Weighed under flawed systemThe school bag dropped on my knees. As I reached to pick it up, so did the little fellow who slammed his head on my foot. I got a peek of what the hurt looked like-a desperate try to look invincible. Young blood it was indeed.
The school bag dropped on my knees. As I reached to pick it up, so did the little fellow who slammed his head on my foot. I got a peek of what the hurt looked like-a desperate try to look invincible. Young blood it was indeed.
My little brother came back from school like usual. I could see how he was struggling to get a head start. He was nine then. Mamu set the table for lunch hoping dad would join afterwards. He likes to call it his occupational hazard. I scoff at it. The smell of the puri tarkari wandered around the living room. I sat on baba’s
place with my brother on the left and mom to his.
That day, dad brought a book along. Why ‘A’ students work for ‘C’ students by Robert Kiyosaki. The author’s Rich Dad, Poor Dad gave me a glimpse of the financial world. I wouldn’t say it was a tough read, but it was powerful considering I come from a science background. The book my dad held today seemed a misfit amongst my collection. The black cover with bold blocks felt more like a textbook. Its paleness took away from the warmth of his hands.
The title of the book itself felt like a satire. Or at least it did to me considering how I struggled to be one of those ‘A’ students.
I almost always saw my brother struggling with homework. That lad had his bag bigger than himself. My dad who always says that studying was harder in his time was obviously talking about physical obstructions. This made me feel like he was less empathetic of the struggle we have. I assured him that my brother and I dealt with more mental ones.
When I was in school, I was told that life has just begun. I was told that everything that was hitting me was trivial. Maybe it was. But when I was in school, I had a hard time trying to assert myself as an individual. At a very young age I was accustomed to academia, but not to sports or arts or music. It had always been my own choice. The aspects that I think
are akin to the formation of self,
have never been a part of my school’s curriculum.
I always wished my brother would not have to feel like school was everything. I wanted to give him the freedom he longed outside of the obligations of school’s assignments, tests and projects.
After all, what school does is form a foundation for our career. It helps us make a living ten years down the line in something we might not necessarily want. It does the bare minimum. In school, I saw students get helpless over test papers, their parents strangling them over grades. It felt dehumanizing to feed the course to students who were clearly uninterested in how igneous rocks form. What mattered in my own college was something written in Times New Roman, 12 point font with double spacing on an A4 sheet—nothing else.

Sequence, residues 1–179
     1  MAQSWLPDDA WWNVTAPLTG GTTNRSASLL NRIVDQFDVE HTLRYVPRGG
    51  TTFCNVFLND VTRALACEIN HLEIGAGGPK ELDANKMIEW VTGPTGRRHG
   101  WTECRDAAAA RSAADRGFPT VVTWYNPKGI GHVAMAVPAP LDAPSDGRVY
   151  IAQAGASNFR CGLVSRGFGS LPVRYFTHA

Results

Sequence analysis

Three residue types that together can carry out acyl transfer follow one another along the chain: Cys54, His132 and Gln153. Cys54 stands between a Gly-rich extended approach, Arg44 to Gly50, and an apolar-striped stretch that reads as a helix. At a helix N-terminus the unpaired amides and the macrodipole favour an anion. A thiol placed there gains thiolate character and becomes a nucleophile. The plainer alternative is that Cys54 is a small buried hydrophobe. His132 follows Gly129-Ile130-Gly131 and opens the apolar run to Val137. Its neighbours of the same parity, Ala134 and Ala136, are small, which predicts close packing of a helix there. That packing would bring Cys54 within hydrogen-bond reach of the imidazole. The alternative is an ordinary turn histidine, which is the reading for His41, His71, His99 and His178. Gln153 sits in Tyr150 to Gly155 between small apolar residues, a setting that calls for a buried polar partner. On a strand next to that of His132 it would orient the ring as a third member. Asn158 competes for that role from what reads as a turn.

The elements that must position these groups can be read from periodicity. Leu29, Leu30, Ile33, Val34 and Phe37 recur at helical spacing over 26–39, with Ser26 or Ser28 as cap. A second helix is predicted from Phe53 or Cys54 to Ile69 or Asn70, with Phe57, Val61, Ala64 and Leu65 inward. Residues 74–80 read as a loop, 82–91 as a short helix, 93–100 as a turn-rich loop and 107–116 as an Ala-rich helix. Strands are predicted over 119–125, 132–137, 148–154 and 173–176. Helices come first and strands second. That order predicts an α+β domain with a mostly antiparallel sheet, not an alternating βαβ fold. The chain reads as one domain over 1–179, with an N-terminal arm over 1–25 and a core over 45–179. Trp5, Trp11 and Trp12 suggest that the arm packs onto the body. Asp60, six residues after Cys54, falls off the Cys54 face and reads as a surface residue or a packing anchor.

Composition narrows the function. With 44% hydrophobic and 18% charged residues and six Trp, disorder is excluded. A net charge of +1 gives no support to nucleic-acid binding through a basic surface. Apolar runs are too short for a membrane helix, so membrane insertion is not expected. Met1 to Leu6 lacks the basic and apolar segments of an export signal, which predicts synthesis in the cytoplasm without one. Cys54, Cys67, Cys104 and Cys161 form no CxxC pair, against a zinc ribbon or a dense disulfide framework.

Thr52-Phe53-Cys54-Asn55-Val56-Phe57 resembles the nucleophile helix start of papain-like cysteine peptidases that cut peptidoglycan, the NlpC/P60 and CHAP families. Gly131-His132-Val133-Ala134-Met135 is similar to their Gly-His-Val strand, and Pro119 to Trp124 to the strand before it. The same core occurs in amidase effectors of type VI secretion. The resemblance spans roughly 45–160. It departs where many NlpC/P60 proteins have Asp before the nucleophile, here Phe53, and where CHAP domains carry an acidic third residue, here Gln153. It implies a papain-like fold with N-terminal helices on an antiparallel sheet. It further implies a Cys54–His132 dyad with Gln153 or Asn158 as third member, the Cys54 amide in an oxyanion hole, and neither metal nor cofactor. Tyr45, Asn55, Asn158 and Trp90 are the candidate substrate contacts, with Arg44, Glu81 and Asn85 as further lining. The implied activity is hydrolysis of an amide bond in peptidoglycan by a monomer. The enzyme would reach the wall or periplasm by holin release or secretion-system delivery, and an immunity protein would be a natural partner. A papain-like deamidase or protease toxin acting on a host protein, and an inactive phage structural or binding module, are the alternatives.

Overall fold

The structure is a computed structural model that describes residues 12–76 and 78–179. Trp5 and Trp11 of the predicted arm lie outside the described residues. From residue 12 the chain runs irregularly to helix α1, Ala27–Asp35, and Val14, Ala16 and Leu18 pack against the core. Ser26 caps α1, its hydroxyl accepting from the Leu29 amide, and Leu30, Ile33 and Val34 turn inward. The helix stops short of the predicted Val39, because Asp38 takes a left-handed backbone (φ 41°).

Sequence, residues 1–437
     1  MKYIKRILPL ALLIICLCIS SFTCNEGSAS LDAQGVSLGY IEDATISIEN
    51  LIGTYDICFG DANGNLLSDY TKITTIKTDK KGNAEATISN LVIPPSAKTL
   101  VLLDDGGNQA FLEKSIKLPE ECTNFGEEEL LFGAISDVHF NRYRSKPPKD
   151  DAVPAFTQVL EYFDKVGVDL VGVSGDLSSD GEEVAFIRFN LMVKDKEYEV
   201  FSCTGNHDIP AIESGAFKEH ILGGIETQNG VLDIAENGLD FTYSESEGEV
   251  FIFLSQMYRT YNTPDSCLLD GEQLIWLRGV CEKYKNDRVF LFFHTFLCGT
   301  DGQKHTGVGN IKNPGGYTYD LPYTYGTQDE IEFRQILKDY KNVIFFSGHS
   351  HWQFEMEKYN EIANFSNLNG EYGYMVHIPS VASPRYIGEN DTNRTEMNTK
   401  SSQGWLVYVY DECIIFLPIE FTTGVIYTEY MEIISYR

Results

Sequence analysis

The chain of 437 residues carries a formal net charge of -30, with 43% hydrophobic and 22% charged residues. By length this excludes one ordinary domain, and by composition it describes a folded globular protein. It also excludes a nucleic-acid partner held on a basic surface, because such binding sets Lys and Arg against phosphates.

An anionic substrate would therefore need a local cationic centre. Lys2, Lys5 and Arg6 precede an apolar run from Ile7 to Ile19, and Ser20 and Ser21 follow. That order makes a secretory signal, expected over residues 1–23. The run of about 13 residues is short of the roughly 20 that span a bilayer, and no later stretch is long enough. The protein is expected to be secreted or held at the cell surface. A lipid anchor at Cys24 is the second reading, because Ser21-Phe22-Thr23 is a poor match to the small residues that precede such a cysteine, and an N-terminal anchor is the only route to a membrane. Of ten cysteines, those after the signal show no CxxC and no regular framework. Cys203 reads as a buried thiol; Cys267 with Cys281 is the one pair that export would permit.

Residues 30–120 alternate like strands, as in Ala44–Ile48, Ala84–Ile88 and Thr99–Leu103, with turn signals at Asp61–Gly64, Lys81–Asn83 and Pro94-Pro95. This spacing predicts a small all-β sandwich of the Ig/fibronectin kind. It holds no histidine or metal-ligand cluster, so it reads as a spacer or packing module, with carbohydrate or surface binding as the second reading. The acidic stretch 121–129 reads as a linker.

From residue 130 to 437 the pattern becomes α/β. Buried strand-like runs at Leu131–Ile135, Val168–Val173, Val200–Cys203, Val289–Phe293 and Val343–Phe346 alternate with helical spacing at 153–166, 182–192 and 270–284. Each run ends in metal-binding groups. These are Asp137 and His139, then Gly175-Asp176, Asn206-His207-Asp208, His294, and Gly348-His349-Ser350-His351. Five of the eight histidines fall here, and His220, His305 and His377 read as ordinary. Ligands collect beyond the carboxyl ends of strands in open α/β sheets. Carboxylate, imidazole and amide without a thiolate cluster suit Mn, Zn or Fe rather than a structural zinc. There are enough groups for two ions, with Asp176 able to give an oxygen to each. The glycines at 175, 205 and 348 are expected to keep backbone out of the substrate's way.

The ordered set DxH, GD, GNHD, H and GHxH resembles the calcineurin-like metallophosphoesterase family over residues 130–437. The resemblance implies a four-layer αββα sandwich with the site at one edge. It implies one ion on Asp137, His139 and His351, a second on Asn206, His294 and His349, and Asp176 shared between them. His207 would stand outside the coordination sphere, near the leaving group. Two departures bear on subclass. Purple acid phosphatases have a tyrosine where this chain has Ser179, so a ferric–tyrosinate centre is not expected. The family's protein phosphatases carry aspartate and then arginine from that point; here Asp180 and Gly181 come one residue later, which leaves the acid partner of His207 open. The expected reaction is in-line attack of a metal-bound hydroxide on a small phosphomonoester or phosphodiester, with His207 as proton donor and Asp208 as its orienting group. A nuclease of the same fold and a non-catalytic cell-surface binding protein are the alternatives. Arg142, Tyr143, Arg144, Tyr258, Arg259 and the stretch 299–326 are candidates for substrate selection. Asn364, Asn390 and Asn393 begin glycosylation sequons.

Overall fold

My dad, who is a professor, knew this. He knew that I always hated how schools functioned. He understood how qualified applicants may not always turn out to be good teachers. Or the teachers who became one without having any passion for teaching. I despised teachers who thought they were doing students a favour. Seeing my dad in this occupation for more than a decade, I understand what it’s like from both perspectives.
I wasn’t trying to find a way out of learning. Dad knew that, and therefore he agreed.
As the world around us transforms with much technical advancements, Nepal’s education system continues to remain trapped in a time warp. Even now, I don’t think students need coaching classes as much as Nepali parents or teachers need counseling lessons. Yet we abide to age old convictions, even if it is completely different from what we want in life. There is a handful of major that we see as noble pursuits.
On one hand, we are served viable career options neatly packed by elders. On the other, we choose such options handed to us without questioning their significance. At most times, we are force fed. At most times, we are scared to struggle. We seek what sells instead of selling what we can offer.
We too do the bare minimum.
So quite often when I ask my dad, if it’s too much weight for a spine as fragile like that of my brother’s, he understands the need of a break away from it all.
“School isn’t everything. Your marksheet is not your value letter. In any case, take initiative to do what you like whether it is in school or out of it,” he says, handing me the book.
- Pant is an undergraduate student at Kathmandu University